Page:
RODNEY Ackland was once described as an English Chekhov. Then like his contemporary, Terence Rattigan, his popularity fell off the cliff as the new wave of realistic or “kitchen sink” plays stole the headlines and the audiences.
Gradually the witty and sharp Ackland has been reinstated in the affections of both theatres and audiences. His wartime drama, The Pink Room, was revived in 1995 at the National Theatre, renamed Absolute Hell, starring Judi Dench, and Before The Party was brought back by Tom Conti in 1980 with Jane Asher in the lead. Conti also directed and starred in a less successful touring production in 2015.
Now this satire on upper middle class attitudes in the years immediately after the war is brought to the stage of Salisbury Playhouse in a beautifully paced production by Ryan McBryde.
Before The Party is based on a short story by Somerset Maugham (another neglected writer probably ripe for revival), about a young widow, Laura Whittingham, who returns to the family home in Surrey after years in Africa, where her husband has died of malaria.
It is the day of the area’s big social occasion and everyone in the Skinner household is excited about the party. Nosy youngest daughter Susan (Eleanor Bennett) wants to wear her yellow dress not the parental choice of navy frock with white trimmings. Mother, Blanche, (Sherry Baines) has an ostrich feather hat to suit her aspirational position as wife of a soon-to-be-adopted Conservative candidate (in what would clearly be a safe seat). Solicitor father, Aubrey, (Philip Bretherton), is complaining about the noise and the problems with the kitchen staff (where the recent war is being replayed by a nazi-sympathising cook and a Jewish maid). Bitter older sister Kathleen (Katherine Manners) is bossing anyone who comes near her, particularly Laura (Bathsheba Piepe). Laura’s friend – and putative fiance – David Marshall, (Matthew Romain), a hero of the Balkan resistance, is putting his foot in it socially and clearly would rather be in the pub. Nanny(Roberta Kerr) is trying to soothe everyone.
The tensions are pinging like electric shocks out into the audience. Why is Laura wearing a pink dress rather than the mourning she should still be in ONLY seven months after her husband’s death and why has she removed his photograph from the mantelpiece?
This is a wickedly funny satire on the kind of snobbish assumption of social position that was caricatured in the John Cleese-Ronnie Barker-Ronnie Corbett sketch of the three Englishmen, the one who looks down on both, the one who looks up to both and the one in the middle who looks “down on him and up to him.”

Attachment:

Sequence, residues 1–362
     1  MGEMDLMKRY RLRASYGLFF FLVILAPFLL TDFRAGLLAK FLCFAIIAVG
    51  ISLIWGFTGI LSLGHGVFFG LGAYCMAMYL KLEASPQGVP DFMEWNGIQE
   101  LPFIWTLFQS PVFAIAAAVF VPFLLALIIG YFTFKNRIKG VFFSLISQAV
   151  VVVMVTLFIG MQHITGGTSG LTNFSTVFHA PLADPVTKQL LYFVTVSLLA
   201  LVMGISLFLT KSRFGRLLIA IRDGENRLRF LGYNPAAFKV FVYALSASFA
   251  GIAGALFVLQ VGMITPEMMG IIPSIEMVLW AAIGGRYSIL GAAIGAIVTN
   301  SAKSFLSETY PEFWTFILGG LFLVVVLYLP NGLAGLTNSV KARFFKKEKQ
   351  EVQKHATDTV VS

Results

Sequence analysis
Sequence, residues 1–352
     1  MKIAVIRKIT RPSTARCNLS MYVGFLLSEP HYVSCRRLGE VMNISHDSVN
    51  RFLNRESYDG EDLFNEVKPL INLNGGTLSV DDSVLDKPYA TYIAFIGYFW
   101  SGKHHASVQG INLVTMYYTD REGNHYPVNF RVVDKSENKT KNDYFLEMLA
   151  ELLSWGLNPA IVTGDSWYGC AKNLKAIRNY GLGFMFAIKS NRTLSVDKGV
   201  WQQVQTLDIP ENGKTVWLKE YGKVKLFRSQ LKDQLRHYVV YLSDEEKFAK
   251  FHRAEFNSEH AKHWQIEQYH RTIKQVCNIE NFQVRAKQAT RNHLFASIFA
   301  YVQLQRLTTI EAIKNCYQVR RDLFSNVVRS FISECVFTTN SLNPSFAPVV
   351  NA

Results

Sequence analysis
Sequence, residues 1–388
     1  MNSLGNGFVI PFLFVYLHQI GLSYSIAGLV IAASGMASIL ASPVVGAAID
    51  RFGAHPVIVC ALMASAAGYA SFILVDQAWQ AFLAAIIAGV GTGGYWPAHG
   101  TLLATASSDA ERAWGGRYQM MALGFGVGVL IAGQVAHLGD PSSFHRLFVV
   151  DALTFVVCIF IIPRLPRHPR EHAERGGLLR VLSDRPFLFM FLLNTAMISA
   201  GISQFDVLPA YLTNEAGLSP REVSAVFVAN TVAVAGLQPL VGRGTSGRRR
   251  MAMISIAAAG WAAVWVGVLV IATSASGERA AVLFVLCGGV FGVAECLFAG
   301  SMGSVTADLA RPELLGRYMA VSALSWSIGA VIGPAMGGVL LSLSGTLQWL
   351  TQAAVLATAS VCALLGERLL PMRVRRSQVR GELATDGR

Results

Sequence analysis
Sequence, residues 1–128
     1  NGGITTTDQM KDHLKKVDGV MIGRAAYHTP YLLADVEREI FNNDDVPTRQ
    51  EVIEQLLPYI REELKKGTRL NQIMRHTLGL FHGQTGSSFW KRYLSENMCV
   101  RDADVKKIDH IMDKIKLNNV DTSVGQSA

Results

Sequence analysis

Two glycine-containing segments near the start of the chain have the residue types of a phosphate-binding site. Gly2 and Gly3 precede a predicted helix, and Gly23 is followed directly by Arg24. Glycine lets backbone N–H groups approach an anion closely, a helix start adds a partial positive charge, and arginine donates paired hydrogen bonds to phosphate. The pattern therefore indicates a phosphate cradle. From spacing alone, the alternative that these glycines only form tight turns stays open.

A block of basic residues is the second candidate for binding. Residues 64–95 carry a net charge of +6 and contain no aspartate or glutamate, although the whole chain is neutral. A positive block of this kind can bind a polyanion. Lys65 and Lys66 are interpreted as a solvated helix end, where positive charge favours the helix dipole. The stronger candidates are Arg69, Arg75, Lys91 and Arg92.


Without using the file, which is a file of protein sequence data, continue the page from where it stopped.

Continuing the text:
Two particularly strong features of this production are the pitch-perfect period acting and Philip Bretherton’s blistering performance as Aubrey, with none of the redeeming features which some previous actors have sought in this role. Aubrey Skinner is odious, a snob of the worst kind, arrogant and domineering, vain, bullying his family, while cravenly ingratiating himself with more socially elevated families.
Sherry Baines’ Blanche earns our sympathy as a woman who tries to keep her horrid husband calm, dodge the bitter bullets of her spinster eldest and manage the precocious curiosity of her youngest.
Laura and David are the only characters who have any experience of life in the real world outside the conservative (small c) bubble of Surrey.
Bathsheba Piepe handles the complex role of Laura with touching assurance – you really care for this damaged young woman who is trying to come to terms with the horrors of her life in Africa and the realities of her complacent insular family.
Matthew Romain is similarly believable as David Marshall, perhaps the most elusive character of all – is he a conman, a black marketeer or a nobody commercial traveller? Why can he get cars, petrol and whisky when everyone else is suffering the privations of rationing?
When I last saw Before The Party, I left the theatre dissatisfied, knowing that there was a good play there, spoiled by self-indulgent performances – this Salisbury production shows just how good it is.
Pictured: Bathsheba Piepe and Matthew Romain as Laura and David; Philip Bretherton and Sherry Baines as Aubrey and Blanche Skinner; photographs by Robert Workman.